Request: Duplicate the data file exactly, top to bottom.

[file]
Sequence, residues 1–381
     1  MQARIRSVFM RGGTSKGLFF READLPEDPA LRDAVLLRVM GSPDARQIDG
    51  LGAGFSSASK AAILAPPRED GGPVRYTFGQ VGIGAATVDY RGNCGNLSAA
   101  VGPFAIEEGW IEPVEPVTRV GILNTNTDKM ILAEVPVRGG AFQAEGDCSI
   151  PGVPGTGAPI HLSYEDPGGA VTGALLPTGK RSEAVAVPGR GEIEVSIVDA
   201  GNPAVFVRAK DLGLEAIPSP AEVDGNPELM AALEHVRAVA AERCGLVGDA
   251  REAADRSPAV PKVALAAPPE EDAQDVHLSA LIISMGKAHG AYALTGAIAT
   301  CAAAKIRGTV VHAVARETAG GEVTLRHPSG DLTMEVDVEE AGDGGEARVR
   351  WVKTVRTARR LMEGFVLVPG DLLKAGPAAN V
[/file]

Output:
Sequence, residues 1–381
     1  MQARIRSVFM RGGTSKGLFF READLPEDPA LRDAVLLRVM GSPDARQIDG
    51  LGAGFSSASK AAILAPPRED GGPVRYTFGQ VGIGAATVDY RGNCGNLSAA
   101  VGPFAIEEGW IEPVEPVTRV GILNTNTDKM ILAEVPVRGG AFQAEGDCSI
   151  PGVPGTGAPI HLSYEDPGGA VTGALLPTGK RSEAVAVPGR GEIEVSIVDA
   201  GNPAVFVRAK DLGLEAIPSP AEVDGNPELM AALEHVRAVA AERCGLVGDA
   251  REAADRSPAV PKVALAAPPE EDAQDVHLSA LIISMGKAHG AYALTGAIAT
   301  CAAAKIRGTV VHAVARETAG GEVTLRHPSG DLTMEVDVEE AGDGGEARVR
   351  WVKTVRTARR LMEGFVLVPG DLLKAGPAAN V